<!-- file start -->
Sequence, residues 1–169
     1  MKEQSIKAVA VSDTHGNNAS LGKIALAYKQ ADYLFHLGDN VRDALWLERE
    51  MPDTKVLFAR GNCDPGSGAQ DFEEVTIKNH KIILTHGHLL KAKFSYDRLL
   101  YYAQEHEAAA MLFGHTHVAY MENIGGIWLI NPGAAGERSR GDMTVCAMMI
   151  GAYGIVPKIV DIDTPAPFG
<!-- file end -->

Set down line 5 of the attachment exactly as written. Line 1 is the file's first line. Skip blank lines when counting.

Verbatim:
   151  GAYGIVPKIV DIDTPAPFG